Stormont staffing levels rise by nearly 50% in five years
Stormont Assembly chiefs have defended a surge in its workforce — and a £1,000 annual bonus paid to each employee.
The official staff total at Parliament Buildings climbed from 263 to 391 over five years, a rise of almost 50%.
DUP First Minister Peter Robinson is pressing for Assembly cost savings to match cuts being forced on the province's government departments.
He has tabled a resolution on the issue — as an MLA rather than a Minister — which will be discussed in the chamber next week.
Annual running costs for the Assembly come to some £50m, including staffing salaries, administration and pay and expenses for elected politicians.
The Parliament Buildings workforce tally includes clerical and administrative staff but does not cover individuals separately employed by parties and MLAs.
The Assembly has confirmed that its employees continue to receive a £1,000 allowance each year on top of their salaries.
Its figures on workforce numbers were disclosed in response to a Belfast Telegraph freedom of information request.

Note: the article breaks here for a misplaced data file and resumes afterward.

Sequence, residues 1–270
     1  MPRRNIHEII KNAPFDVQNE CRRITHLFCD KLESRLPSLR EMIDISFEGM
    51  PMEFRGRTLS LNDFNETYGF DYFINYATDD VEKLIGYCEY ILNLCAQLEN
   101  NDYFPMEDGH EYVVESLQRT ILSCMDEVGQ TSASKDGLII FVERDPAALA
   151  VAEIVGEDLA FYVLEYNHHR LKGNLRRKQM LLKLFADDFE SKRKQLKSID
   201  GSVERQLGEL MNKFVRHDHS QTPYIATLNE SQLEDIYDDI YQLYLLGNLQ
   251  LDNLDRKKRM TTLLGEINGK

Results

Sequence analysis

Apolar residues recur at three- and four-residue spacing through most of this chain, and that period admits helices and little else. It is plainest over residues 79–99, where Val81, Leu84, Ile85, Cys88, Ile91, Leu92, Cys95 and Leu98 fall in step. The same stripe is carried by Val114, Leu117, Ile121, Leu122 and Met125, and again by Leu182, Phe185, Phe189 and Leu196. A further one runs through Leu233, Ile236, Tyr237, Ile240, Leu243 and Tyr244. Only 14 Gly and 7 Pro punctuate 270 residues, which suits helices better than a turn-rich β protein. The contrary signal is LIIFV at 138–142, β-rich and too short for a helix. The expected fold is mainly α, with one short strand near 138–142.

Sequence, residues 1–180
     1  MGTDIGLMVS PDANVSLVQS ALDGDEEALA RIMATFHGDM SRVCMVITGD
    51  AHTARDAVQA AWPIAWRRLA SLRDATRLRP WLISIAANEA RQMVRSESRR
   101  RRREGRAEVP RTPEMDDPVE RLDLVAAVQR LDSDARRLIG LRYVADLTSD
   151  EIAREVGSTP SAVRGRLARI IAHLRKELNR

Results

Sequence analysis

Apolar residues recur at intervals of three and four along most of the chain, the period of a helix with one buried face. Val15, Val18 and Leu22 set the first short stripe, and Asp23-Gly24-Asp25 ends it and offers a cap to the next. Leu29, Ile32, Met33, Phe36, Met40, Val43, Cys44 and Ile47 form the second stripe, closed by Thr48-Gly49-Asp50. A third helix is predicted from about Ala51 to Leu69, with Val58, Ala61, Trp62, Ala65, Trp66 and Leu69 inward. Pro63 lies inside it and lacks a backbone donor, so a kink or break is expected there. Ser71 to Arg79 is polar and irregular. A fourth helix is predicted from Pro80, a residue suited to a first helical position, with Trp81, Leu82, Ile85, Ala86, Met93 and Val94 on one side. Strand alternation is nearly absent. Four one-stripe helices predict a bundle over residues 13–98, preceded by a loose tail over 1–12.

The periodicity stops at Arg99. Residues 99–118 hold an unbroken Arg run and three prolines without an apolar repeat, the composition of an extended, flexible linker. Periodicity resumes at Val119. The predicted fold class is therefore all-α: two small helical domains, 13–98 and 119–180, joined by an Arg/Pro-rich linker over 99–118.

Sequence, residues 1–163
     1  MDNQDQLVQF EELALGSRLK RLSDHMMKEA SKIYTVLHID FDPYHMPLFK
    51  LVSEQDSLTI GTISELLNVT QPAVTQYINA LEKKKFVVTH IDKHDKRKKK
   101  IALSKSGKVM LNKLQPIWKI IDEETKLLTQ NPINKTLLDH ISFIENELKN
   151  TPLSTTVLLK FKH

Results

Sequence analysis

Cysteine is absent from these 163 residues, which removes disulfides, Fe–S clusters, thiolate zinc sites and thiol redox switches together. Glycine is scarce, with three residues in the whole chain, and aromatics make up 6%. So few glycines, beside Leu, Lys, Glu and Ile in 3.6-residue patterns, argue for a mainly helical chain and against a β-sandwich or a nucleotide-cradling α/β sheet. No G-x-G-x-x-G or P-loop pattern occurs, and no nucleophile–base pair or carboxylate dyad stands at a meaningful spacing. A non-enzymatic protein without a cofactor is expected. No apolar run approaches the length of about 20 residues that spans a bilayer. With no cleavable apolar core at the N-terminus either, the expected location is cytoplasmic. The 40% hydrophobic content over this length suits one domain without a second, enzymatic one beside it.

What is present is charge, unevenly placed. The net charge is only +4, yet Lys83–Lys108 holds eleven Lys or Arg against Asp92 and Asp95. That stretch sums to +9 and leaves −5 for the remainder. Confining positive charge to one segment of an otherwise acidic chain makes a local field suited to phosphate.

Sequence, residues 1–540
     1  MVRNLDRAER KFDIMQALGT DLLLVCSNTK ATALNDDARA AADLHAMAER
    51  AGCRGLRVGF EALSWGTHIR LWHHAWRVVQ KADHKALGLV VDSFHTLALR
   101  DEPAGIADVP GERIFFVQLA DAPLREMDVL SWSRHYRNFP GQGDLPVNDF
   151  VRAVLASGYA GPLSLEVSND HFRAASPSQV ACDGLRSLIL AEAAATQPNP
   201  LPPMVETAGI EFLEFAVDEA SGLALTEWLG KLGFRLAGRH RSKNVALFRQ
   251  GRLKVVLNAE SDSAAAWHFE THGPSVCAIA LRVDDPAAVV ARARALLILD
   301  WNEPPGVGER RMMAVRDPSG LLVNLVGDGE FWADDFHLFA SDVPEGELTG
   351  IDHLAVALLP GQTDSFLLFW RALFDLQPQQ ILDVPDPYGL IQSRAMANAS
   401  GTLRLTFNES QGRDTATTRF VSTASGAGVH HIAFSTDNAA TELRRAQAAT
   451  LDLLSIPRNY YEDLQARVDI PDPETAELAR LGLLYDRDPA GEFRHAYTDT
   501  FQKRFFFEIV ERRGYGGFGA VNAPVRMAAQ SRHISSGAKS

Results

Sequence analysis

The average total for the 2005/06 financial year was 263.
A year later, with devolution on its way to being restored, the tally was 277.
By 2007/08, the workforce came to 352, followed by 377 for the following 12 months.
The total for 2009/10 was 391.
An Assembly spokeswoman said: “The Northern Ireland Assembly was suspended for the entire period covered by the 2006 figures.
“The increase in staff numbers reflects the fact that devolution has been restored and the subsequent increase in the volume and complexity of work required by the Assembly Commission to fulfil its duties to Members of the Legislative Assembly under section 40 (4) of the Northern Ireland Act 1998.”
The spokeswoman also said: “The Northern Ireland Assembly Commission has agreed that a taxable allowance of £1,000 per annum should be payable to Assembly staff.”
The £1,000 bonus was first introduced by the cross-party Commission prior to the suspension of devolution in 2002.
It was defended in the past on the grounds of uncertainty over the future of the Stormont institutions — less convincing now with the Assembly on course to complete a full four-year term.
But sources at Parliament Buildings say employee remuneration levels there are significantly lower than in the Scottish Parliament or Welsh Assembly and staff transferred from the civil service have fewer opportunities for career advancement.